- Title: GERMANY-CHRISTMAS MARKET Nuremberg opens its traditional Christmas market
- Date: 28th November 2014
- Summary: VARIOUS OF OPENING CEREMONY AT CHURCH OF OUR LADY
- Embargoed: 13th December 2014 12:00
- Location: Germany
- Country: Germany
- Topics: General
- Reuters ID: LVA9BVQWE4YYMY21MV5RFZHVJO99
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- Story Text: Nuremberg's Christmas market, one of the most famous in Europe, officially opened on Friday (November 28) with a traditional ceremony featuring a young woman, dressed as Christkind, reciting a poem from the balcony of the Church of Our Lady on the city's main square.
"My market shall remain young forever, as long as Nuremberg stands, and the memory of that market's fame," the young actress impersonating the Christkind said.
"And now the Christkind call to its market, and all who come are truly welcome," she added.
The event known as the Christkindlesmarkt, marks the start of the Christmas season.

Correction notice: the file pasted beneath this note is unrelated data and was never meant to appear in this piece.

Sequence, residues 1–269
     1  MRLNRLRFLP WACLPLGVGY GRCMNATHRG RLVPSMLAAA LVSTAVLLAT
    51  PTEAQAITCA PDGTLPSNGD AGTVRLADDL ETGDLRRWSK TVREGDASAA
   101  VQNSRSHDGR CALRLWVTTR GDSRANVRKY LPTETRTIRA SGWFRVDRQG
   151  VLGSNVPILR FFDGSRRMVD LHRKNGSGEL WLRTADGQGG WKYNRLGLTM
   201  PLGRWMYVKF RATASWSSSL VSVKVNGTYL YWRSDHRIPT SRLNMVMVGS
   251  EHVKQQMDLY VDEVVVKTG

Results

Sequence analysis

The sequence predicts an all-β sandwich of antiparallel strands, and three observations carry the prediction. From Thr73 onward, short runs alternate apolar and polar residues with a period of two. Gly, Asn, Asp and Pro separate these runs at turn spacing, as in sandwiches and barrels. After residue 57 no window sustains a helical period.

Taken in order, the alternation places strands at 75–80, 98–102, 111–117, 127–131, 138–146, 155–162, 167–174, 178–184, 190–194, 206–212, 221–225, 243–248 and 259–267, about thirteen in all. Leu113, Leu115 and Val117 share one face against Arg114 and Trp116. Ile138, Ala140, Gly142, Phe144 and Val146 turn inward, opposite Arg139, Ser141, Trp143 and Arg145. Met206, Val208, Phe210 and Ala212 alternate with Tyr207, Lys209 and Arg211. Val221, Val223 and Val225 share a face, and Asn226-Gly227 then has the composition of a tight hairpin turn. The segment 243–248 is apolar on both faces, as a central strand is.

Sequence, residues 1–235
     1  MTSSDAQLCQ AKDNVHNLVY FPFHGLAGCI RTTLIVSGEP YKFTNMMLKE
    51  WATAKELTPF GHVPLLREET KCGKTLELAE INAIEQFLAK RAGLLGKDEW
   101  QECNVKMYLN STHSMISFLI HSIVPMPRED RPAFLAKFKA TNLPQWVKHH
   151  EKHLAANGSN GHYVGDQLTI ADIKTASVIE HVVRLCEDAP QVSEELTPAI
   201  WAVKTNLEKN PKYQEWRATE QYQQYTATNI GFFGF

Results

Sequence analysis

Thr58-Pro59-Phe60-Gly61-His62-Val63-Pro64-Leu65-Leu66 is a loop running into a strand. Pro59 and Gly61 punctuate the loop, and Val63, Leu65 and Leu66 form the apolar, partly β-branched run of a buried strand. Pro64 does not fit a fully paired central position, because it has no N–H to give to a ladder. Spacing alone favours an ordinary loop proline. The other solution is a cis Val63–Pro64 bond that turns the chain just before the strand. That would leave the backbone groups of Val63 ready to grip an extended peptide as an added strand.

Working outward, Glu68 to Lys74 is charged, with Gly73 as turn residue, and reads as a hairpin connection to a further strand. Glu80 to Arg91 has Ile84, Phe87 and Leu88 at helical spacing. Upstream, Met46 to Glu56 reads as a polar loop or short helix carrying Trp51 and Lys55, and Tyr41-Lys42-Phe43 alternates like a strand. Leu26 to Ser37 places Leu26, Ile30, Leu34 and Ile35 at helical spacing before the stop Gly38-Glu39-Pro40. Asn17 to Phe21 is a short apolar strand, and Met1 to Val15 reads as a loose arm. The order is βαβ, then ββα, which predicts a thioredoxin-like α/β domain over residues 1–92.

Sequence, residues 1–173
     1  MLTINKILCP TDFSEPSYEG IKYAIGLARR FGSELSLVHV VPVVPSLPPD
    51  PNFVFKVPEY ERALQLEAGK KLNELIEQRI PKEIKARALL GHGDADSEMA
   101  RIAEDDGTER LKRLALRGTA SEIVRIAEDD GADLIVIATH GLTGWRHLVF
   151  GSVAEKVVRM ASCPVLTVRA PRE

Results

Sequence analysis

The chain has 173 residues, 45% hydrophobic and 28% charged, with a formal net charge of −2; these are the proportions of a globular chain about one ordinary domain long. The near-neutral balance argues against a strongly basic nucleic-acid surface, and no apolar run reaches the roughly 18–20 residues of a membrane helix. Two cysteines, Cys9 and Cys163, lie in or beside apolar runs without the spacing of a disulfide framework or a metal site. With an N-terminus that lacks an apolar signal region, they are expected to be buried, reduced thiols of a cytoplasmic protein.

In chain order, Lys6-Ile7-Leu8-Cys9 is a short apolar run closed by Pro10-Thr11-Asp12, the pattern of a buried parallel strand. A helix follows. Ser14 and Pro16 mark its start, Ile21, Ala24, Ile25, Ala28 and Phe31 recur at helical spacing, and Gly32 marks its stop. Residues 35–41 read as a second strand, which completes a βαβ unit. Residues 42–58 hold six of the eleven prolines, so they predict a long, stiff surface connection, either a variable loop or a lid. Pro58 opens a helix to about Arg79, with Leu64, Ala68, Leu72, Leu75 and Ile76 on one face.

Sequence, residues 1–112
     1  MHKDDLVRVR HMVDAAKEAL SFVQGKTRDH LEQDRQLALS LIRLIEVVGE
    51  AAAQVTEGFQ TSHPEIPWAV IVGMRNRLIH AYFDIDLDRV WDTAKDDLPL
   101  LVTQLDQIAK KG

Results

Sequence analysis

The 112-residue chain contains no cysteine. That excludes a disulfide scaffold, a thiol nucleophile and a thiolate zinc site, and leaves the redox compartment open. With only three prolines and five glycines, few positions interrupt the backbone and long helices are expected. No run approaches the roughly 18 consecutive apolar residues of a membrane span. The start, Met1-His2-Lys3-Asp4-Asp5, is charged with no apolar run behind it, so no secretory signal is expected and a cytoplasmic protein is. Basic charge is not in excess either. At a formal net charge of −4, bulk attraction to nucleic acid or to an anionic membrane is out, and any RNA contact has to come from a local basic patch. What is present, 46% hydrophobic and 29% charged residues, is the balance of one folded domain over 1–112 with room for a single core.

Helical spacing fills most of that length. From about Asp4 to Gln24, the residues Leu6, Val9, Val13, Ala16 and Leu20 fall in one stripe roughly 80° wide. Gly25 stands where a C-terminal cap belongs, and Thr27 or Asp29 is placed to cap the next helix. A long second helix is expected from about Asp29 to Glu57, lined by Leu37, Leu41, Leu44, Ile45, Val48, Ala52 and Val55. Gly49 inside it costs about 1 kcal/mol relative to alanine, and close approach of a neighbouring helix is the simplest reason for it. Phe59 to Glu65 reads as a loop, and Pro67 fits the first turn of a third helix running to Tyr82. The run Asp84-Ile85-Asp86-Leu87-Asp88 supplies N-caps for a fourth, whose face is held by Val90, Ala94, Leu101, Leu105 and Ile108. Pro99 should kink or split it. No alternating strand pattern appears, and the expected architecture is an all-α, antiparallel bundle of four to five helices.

It annually attracts thousands of visitors from across Europe and the world, who enjoy the Christmas spirit as vendors sell traditional gifts such as wooden toys, sweets and cakes in the town's main square.
"This is a birthday present, and we chose to come here because we always saw the opening ceremony on television, with the Christkind and all, and I wanted to see it for myself," said one visitor, Anja Jolitz.
"I am living in Erlangen, the next city, but this is the first time to see opening ceremony in Nuremberg, this is why we are coming with my family," said another visitor, Hoshiaki Oki.
For Christin Marygan, from Washington D.C., the opening ceremony was a great experience for her children.
"Well, actually, we are heading home tomorrow, so we were thrilled to find out that it is actually open today so my kids could both experience the Christkindlesmarkt together," Marygan said.
The first historical mention of the market was in 1628, and by 1737 all of the trades practised in the Bavarian city were represented at the annual market.
The Nuremberg Christkindlesmarkt ends on Christmas Eve, December 24, when Germans traditionally celebrate Christmas.
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